One of the parts of the Rail’s stack that always seemed to confuse me was the
routing. Once you go beyond the simple
resource routing unless you have a bit
more under you’re belt reading and writing routes can be daunting. I would like
to go over just a couple items that I’ve picked up which may prove helpful for
others who need to go beyond the vanilla route schemes.
If you dig into some of the more recent routing documents for Rails you’ll find
some examples using
scope to namespace routes; however there is more you can
do with it then I’ve found in the docs. Scope applies a matching rule and will
allow any matches to trickle down into it’s block for further matching.
For instance, if you have to make an advanced routing decision based on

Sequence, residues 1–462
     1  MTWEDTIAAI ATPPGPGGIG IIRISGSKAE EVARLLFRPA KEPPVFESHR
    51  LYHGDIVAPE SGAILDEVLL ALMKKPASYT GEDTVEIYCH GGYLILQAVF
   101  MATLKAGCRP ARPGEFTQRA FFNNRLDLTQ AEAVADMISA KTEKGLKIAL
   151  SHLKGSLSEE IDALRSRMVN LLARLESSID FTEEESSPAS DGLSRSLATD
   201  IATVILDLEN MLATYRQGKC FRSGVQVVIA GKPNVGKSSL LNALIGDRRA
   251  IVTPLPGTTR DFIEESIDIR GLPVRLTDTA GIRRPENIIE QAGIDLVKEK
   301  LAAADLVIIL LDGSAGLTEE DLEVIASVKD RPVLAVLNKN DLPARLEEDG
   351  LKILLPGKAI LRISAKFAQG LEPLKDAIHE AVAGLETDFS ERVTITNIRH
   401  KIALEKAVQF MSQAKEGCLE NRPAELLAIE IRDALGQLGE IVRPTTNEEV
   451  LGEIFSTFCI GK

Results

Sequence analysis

something in the request besides the just the http verb and the uri, you can use
contraints key. The following route will match
/motd and route it to the
BotsController#motd only if the request headers’ user agent has
curl in it.
A pretty contrived example; however, it helps to put some of these decisions in
the router instead of forking totally different kinds of logic in the
controller. If you have a lot more routes like this that you would like to map
to the the
BotsController you can use scope to do it.
If your logic starts to get a little hairy, or you just want ot keep everything
tidy, you can also pass
constraints an object that has a
matches? method for
Used in the routes: